# Universal Gravitation problem, help with final statement.

• Physics345
In summary, a rocket with a mass of 1200 kg is located 3.0x10^8 m from the center of the Earth and directly between the Earth and the moon. The net gravitational force on the rocket from the Earth and moon is 4.5N towards the Earth. This is because the Earth's gravitational pull is about 83% stronger than the moon's pull on the rocket.
Physics345

## Homework Statement

earth has a mass of 5.98x10^24 kg and the moon has a mass of 7.35x10^22 kg. The distance from the centre of the moon to the centre of the Earth is 3.84x10^8 m. A rocket with a total mass of 1200 kg is 3.0x10^8 m from the centre of the Earth and directly in between Earth and the moon. Find the net gravitational force on the rocket from the Earth and moon.

## Homework Equations

Fnet=Gm1m2/r^2 + Fnet=Gm2m3/r^2

## The Attempt at a Solution

Rocket to earth:
Fnet=5.32N=5.3N
Rocket to the moon:
Fnet=5.32N-0.833
Fnet=4.48N=4.5N rounded
Therefore, the net force of the rocket to the moon is 4.5N Right and the net force from the rocket to Earth is 5.3N Left.

I was just wondering if my Final statement is correct.

Physics345 said:
Fnet=Gm1m2/r^2 + Fnet=Gm2m3/r^2
Physics345 said:
the net force of the rocket to the moon
You do not seem to understand "net force". It is the sum of all the applied forces, so there is only one net force on the object.
Physics345 said:
4.5N Right
Left/right depends on your diagram. Better to write in terms of "towards moon" or "towards Earth".

Fnet means the total/sum of all forces. That was a typo I meant to put FgE= Gm1m2/f13 FgM=Gm2m3/f23 Fnet=FgE-FgM fatigue is very intoxicating but thanks I figured out the answer to my question anyways. The answer is 4.5N Right towards the Moon and 4.5 Left towards Earth.

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Physics345 said:
Fnet means the total/sum of all forces. That was a typo I meant to put FgE= Gm1m2/f13 FgM=Gm2m3/f23
Ok, but my comment still applies to your answer. You are asked for the net force; that's just one force, not a separate force towards each attractor.

Sorry I edited my comment, I'm just really tired I edited as you replied, so I can see how you came to that conclusion.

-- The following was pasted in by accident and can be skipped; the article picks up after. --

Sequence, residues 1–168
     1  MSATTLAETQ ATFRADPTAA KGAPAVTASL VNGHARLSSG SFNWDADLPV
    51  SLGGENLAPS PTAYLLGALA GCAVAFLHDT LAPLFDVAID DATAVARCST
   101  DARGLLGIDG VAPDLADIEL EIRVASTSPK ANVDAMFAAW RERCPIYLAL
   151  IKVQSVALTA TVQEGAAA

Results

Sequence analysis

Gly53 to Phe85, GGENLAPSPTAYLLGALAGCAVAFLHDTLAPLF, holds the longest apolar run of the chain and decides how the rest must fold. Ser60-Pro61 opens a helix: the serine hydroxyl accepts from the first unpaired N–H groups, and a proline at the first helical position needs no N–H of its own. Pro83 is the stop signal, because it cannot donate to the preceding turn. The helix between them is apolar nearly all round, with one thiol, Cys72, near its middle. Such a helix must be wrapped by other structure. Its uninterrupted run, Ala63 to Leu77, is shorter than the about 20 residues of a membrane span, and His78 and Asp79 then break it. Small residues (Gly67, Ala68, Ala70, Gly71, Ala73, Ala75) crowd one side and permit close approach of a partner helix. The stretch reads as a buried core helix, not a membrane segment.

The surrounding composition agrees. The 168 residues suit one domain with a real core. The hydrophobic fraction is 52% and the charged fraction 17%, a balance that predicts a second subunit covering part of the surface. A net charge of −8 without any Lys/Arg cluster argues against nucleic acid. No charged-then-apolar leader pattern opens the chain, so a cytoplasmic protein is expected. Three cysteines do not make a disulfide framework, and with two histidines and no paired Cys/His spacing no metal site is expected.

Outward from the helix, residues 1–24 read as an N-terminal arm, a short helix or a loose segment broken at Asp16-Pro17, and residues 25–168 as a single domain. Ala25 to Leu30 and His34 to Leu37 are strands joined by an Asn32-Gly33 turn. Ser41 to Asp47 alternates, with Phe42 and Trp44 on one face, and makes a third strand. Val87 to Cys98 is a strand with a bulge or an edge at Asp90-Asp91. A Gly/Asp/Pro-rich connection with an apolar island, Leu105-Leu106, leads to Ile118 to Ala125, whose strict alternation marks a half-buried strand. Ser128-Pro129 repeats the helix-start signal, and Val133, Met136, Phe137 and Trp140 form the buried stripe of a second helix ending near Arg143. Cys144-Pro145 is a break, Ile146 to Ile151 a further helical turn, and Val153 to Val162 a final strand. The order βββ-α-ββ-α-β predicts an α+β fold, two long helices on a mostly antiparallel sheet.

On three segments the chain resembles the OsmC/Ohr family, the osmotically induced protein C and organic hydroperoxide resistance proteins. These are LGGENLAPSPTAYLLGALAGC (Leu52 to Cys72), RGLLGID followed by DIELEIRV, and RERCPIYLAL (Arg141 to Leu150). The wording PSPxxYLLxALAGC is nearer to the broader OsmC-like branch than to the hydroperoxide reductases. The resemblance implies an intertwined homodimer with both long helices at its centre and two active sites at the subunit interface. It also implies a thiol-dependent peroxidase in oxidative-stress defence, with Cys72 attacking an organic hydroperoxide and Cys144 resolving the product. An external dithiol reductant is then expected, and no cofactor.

Physics345 said:
4.5N Right towards the Moon and 4.5 Left towards Earth.
Better, but as I wrote, left and right refer to some diagram (that I cannot see). Just write that it is 4.5N towards ... which one?

Physics345 said:
No, I don't need the diagram. The point is that you should not be referencing a diagram in your answer.

haruspex said:
No, I don't need the diagram. The point is that you should not be referencing a diagram in your answer.
Oh, I should be stating 4.5N Towards the Earth and 4.5N Towards the moon. Wow I feel silly, left and right shouldn't even be stated in this scenario.

Statement revised, here is my new final statement. Therefore, the net force of the rocket towards the Moon is 4.5N, and 4.5N towards the Earth.

Physics345 said:
Statement revised, here is my new final statement. Therefore, the net force of the rocket towards the Moon is 4.5N, and 4.5N towards the Earth.
There is a single net force on the rocket. You can specify it as a magnitude and direction. Magnitudes are non-negative by definition. Direction is either towards the moon or towards the Earth. Which?

haruspex said:
There is a single net force on the rocket. You can specify it as a magnitude and direction. Magnitudes are non-negative by definition. Direction is either towards the moon or towards the Earth. Which?
Towards the Earth because the Earths gravitational pull is pulling the rocket!

Physics345 said:
Towards the Earth because the Earths gravitational pull is pulling the rocket!
They are both pulling the rocket. Which wins?

haruspex said:
They are both pulling the rocket. Which wins?
I would have to say the Earth wins, considering that the gravitational pull of the Earth is about 83% greater than the moons even after taking the altitude of the rocket into account.

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Wow it says it in my answer, the pull of the Earth on the rocket is 5.3N as opposed to the moon, which has a measly 0.8338N.

Physics345 said:
Wow it says it in my answer, the pull of the Earth on the rocket is 5.3N as opposed to the moon, which has a measly 0.8338N.
Right!
So why did you write this:
Physics345 said:
4.5N Right towards the Moon and 4.5 Left towards Earth